I’ve always been fascinated by textile design. Specifically fabric – but the more I learn about wallpaper (and how it’s not just another incarnation of the same thing), I’ve had to widen the scope of my obsession at bit.
One designer who would be high on my list of “people I wouldn’t mind being” is designer, LuLu Dekwiatkowski of the fabulous LuLu DK line.
And I base that assessment on her talent, creativity and (at least seemingly) rock star life as a designer, artist, business owner, mother and world traveler (and possibly a few other things – but you get the idea).
Her design process is an art form in and of itself, and all of the images I’ve seen on the LuLu DK website and blog (Trail of Inspiration) make me covet her profession even more.
She often starts with collages (her own inspiration boards so to speak) which are actually fine art pieces that not only show in galleries, but were also compiled in a book, LuLu, a travel journal/art book/autobiography, with accompanying paintings and photos – all of which represent her “travels, life and loves.”
I love how you can see these “inspiration collages” alongside the finished product – as well as in actual decorating projects:
The Trail of Inspiration blog is really wonderful in that LuLu really invites you into her world with bits and pieces of her thoughts and work – all in the most charming images. I was particularly taken with these:
My favorite posts of LuLu’s though are the ones describing her textile design process. There have been three so far. Here are some excerpts:
“First I hand paint my artwork onto cloth (painters drop cloth) with acrylic paint and coffee (coffee with milk makes the perfect beige tone). Once the design is finished the screen printer will send me a rough replica on paper, to see if they have matched my vision properly. Once I approve this, they then carve a screen that will be used to print the fabric (a screen is usually a large metal or wood board that lays on a long table and has carvings of the…design on it.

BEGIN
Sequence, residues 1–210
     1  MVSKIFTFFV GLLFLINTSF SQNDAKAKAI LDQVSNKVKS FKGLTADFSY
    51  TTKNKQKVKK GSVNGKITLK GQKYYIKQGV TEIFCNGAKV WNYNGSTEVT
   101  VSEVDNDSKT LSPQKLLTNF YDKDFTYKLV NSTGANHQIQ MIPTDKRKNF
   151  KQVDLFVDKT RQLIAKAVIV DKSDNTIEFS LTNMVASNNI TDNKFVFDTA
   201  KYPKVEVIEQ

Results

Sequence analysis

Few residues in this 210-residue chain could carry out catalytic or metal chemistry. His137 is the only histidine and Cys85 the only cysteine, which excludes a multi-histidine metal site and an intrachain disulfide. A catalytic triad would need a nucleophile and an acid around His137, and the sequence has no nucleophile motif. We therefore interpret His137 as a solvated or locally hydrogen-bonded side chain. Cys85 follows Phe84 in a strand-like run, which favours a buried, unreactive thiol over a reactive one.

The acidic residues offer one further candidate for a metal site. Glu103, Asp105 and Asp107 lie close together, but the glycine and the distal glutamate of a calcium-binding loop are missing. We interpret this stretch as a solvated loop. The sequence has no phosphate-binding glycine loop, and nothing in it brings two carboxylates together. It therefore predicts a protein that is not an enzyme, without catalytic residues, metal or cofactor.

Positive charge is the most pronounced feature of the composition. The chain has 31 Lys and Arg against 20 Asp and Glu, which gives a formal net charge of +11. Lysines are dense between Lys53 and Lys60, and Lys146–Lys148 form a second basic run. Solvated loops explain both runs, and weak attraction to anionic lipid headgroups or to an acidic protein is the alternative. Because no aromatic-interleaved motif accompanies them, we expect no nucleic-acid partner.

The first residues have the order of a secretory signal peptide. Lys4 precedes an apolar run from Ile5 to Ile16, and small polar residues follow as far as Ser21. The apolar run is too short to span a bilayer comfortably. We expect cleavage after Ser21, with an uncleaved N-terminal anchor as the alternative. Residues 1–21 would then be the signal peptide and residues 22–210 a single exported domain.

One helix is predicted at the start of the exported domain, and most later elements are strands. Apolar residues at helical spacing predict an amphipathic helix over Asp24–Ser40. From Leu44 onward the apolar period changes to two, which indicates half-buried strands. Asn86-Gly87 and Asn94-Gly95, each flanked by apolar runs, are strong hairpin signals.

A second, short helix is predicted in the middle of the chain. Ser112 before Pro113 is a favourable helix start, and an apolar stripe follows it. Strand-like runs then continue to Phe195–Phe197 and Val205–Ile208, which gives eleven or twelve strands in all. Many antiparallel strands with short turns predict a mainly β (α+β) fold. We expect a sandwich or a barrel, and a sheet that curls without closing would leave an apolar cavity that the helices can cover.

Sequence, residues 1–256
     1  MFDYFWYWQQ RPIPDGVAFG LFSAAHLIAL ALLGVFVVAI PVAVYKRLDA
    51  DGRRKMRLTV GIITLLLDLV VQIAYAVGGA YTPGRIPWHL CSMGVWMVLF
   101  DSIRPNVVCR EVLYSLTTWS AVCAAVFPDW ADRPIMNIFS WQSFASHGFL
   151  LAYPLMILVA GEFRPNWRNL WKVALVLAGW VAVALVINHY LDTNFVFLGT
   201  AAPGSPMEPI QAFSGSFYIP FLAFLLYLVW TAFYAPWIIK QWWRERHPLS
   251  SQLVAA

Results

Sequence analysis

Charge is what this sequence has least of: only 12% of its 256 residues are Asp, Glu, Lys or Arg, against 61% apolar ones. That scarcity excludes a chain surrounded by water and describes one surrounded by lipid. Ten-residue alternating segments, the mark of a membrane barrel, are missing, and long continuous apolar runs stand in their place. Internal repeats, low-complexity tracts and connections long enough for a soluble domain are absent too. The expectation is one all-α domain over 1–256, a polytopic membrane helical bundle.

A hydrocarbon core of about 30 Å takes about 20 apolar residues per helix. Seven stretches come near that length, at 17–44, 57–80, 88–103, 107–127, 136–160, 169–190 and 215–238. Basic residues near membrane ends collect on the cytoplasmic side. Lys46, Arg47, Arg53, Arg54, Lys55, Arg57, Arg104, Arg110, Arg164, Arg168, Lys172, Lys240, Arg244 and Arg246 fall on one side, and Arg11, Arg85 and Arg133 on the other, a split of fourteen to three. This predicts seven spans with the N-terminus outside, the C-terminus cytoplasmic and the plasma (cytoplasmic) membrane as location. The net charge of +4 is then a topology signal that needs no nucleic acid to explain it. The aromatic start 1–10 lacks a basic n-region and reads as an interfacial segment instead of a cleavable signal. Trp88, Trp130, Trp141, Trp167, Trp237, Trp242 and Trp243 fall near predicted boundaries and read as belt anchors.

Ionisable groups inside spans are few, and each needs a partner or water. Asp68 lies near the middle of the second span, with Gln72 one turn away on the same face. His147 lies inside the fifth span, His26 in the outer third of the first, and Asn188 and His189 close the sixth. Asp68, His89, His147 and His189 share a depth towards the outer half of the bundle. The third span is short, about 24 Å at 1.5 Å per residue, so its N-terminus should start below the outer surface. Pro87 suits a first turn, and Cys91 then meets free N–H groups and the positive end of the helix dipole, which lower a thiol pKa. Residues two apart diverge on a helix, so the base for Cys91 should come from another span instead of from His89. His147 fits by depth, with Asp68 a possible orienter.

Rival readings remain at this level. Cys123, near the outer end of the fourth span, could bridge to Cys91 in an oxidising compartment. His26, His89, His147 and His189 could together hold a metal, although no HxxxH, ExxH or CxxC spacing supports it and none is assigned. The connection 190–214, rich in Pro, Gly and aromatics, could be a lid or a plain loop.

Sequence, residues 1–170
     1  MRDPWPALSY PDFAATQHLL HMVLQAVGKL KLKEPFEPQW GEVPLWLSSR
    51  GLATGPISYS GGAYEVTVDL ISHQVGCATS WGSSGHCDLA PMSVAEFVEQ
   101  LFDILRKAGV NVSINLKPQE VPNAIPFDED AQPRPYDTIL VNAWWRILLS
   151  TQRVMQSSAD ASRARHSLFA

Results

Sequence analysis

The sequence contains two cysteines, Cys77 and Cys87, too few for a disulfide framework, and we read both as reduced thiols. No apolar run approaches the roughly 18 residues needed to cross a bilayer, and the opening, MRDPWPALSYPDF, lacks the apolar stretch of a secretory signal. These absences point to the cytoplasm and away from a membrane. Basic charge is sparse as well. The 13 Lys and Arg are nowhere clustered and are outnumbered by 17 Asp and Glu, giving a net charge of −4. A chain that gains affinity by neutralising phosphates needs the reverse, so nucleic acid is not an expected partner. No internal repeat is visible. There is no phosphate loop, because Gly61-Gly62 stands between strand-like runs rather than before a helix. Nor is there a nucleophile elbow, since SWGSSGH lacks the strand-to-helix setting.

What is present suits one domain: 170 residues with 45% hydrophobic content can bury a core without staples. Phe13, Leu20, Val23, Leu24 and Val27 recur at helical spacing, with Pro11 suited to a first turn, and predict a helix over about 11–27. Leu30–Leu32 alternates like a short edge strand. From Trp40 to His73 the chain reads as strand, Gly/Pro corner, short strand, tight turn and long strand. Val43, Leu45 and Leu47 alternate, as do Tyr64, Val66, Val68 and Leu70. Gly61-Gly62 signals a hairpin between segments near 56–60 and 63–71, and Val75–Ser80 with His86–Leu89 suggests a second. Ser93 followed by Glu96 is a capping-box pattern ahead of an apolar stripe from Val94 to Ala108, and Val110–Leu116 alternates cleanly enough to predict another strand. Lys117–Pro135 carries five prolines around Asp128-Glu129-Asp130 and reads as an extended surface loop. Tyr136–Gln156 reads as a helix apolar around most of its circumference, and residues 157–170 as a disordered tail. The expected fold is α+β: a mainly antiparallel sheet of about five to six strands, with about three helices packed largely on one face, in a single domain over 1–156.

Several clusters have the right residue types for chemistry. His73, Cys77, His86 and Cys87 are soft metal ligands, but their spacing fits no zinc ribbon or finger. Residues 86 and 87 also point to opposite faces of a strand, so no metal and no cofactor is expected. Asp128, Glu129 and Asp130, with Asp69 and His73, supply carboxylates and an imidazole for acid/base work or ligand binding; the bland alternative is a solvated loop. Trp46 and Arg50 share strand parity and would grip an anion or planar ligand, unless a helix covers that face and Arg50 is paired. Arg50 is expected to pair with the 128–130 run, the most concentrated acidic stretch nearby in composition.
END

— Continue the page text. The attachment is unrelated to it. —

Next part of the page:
“In the mean time, I send color swatches (above) of all the different colorways I want the mill to do fabric samples of...“
“As I mentioned in a previous blog posting, the bright yellow fabric [below] is my original artwork which we are in the process of making into a linen/cotton fabric.
“I send the original design to the screen making mill and they mimic the design the best they can on the computer in some cases and by hand in others. They then send me a paper sample showing the fabric reproduction that shows how the fabric will look and how the colors will be divided.
“Once I approve it, they will make a screen. A screen is a large wooden or metal board that will lie on a table and create one color of the design. There is a different screen for each color in the design. Each color of a design is printed individually and then left to dry so that the next screen can be placed on the table for the next color to be printed….and over and over. So the more colors a design has, the more screens a design has, the more runs a fabric goes through and of course the more time-consuming and expensive a fabric is.
“In the design above I asked the screen maker to make this design a little washy and toned…Above is an extreme version showing the depth of variance I am able to achieve, if I desire. The design can be more single toned like the original or double toned like the CAD…depending on how extreme I choose the 2 colorways to be. This design has 2 colorways, so for it to be extreme I would pick a light yellow and a dark yellow. For it to be more single toned (like the original) I would pick 2 similar yellows….Once the CAD is approved the screen printers send the carved screens to the printing mill and they start on all my color ways...”
“The next (and most exciting) stage of fabric making! The colorways arrive!
“Here is a sampling of our Sunburst fabric which I have written about in past post…I always make a ton of color samples…mainly because I don’t want to go back to the mill to have others made and also because I am so particular and in love with color, so I want to see every option. This season it is all about bright pastels for me…We usually pick 3-6 colorways per print and I think the ones that dominate the photo are my general picks from the 20 options that came.”
Hopefully there will be more of these to come. I can’t get enough. And HOPEFULLY, I’ve represented it all accurately – since I pulled everything directly from the blog.
I could write more (I didn’t even touch upon the Matouk bedding, linens and decorative pillows and Elson & Company carpets!) – but I think that’s enough inspiration for me today. Now I’m off to dream about my imaginary life as an artist/textile designer…